New Perspectives: Lenting – by Rev. Heather McCarrel

A clergyman, a doctor and a time-management guru were playing golf together one day. Soon they got stuck behind a particularly slow group ahead of them. The time-management guy said, ‘What’s with these people? We’ve been waiting on the tee for more than 30 minutes and they’re still not on the next green!”

The doctor agreed, “They’re hopeless. I’ve never seen such rambling around a golf course.”

The clergyman spotted the approaching greenskeeper and asked him what was going on. “What’s happening with that group ahead of us? They’re surely too slow and useless to be playing, aren’t they?”

The greenskeeper replied, “Oh, yes, that’s a group of blind fire-fighters. They lost their sight saving our clubhouse from a fire last year, so we always let them play for free anytime.”

The three golfers fell silent for a moment. Then the clergyman said, “Oh dear, that’s so sad. I shall say some special prayers for them tonight.”

The doctor added, rather meekly, “That’s a good thought. I’ll get in touch with an ophthalmic surgeon friend of mine to see if there’s anything that can be done for them.”

After pondering the situation for a few seconds, the time-management expert turned to the greenskeeper and asked, “Why can’t they play at night?”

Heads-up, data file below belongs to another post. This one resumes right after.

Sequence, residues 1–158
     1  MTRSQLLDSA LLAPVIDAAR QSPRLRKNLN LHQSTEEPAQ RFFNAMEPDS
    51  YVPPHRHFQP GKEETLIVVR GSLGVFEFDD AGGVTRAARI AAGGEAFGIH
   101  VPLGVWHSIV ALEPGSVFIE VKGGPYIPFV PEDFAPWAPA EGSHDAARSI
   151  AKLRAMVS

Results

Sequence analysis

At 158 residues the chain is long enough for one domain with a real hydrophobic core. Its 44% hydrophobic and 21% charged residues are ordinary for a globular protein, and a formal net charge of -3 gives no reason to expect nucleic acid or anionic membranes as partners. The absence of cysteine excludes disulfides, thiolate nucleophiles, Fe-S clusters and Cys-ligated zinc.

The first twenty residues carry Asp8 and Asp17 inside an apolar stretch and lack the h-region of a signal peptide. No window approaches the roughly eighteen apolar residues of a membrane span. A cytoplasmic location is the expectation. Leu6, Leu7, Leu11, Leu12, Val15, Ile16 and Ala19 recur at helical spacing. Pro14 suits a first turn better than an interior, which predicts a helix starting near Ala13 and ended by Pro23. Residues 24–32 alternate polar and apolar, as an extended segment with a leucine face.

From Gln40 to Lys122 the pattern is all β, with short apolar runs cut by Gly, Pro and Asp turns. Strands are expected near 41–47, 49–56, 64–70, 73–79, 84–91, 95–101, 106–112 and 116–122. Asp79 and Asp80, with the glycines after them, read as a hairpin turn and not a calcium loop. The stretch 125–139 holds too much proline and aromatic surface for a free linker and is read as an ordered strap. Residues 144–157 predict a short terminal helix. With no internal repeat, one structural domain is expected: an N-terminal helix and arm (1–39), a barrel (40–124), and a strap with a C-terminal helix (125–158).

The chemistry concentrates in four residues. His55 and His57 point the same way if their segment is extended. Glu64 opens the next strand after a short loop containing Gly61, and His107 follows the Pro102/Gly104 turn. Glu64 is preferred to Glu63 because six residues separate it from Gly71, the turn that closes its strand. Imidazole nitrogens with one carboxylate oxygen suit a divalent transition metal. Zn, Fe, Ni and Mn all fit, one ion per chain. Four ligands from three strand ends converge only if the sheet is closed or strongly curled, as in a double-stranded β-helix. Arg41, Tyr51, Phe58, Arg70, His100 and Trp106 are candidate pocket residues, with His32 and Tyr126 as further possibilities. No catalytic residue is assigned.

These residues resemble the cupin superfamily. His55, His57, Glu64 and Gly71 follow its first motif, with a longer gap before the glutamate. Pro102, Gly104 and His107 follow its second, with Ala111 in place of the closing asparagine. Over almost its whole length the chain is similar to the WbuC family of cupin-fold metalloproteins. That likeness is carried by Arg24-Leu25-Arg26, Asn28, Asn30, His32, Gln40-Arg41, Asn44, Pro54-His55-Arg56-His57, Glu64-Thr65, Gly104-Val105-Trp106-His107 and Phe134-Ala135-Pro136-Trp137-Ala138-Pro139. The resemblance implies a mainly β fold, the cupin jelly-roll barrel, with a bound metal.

This joke reminds me of the Lenten Season.  Or, to be more specific, it reminds me of those who impatiently rush through the 40 days of Lent missing out on the gifts of the season. An example of this is the time-management expert who missed out entirely on the beauty of the moment.

The Season of Lent begins on Wednesday February 22nd marking the 40 days and nights that Jesus spent in the desert fighting off temptation.  He was hungry and most likely exhausted when he came toe to toe with the biggest temptations life offers; gluttony, ego, materialism, and willfulness against God.  Through knowledge of scripture, divine wisdom and depth of faith he not only triumphs but God sends angels to tend to him.

The gifts of Lent are self-reflection, silent correction and a redirection of our pathways.  It is an opportunity to decide what we keep from our past, what we appreciate in our present life and what we look forward to in the new beginnings promised by God.  As Rev. Dr. N.T. Wright writes, “Lent is a time for discipline, for confession, for honesty, not because God is mean or fault- finding or finger-pointing but because he wants us to know the joy of being cleaned out, ready for all the good things he now has in store.”

May we all take time during this most sacred season to prepare ourselves for the good things God has in store.